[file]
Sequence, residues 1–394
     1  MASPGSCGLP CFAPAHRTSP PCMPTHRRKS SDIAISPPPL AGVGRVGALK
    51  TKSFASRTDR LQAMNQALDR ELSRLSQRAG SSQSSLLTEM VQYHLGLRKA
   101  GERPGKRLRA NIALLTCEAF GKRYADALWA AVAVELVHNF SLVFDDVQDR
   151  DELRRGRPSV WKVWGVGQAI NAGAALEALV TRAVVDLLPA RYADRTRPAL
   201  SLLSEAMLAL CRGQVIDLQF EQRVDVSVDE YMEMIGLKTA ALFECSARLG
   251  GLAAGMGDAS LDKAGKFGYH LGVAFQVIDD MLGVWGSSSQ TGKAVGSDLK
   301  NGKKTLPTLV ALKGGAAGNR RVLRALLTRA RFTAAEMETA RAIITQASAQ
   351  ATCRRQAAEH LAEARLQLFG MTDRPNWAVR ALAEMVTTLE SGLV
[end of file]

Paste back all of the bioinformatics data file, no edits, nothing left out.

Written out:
Sequence, residues 1–394
     1  MASPGSCGLP CFAPAHRTSP PCMPTHRRKS SDIAISPPPL AGVGRVGALK
    51  TKSFASRTDR LQAMNQALDR ELSRLSQRAG SSQSSLLTEM VQYHLGLRKA
   101  GERPGKRLRA NIALLTCEAF GKRYADALWA AVAVELVHNF SLVFDDVQDR
   151  DELRRGRPSV WKVWGVGQAI NAGAALEALV TRAVVDLLPA RYADRTRPAL
   201  SLLSEAMLAL CRGQVIDLQF EQRVDVSVDE YMEMIGLKTA ALFECSARLG
   251  GLAAGMGDAS LDKAGKFGYH LGVAFQVIDD MLGVWGSSSQ TGKAVGSDLK
   301  NGKKTLPTLV ALKGGAAGNR RVLRALLTRA RFTAAEMETA RAIITQASAQ
   351  ATCRRQAAEH LAEARLQLFG MTDRPNWAVR ALAEMVTTLE SGLV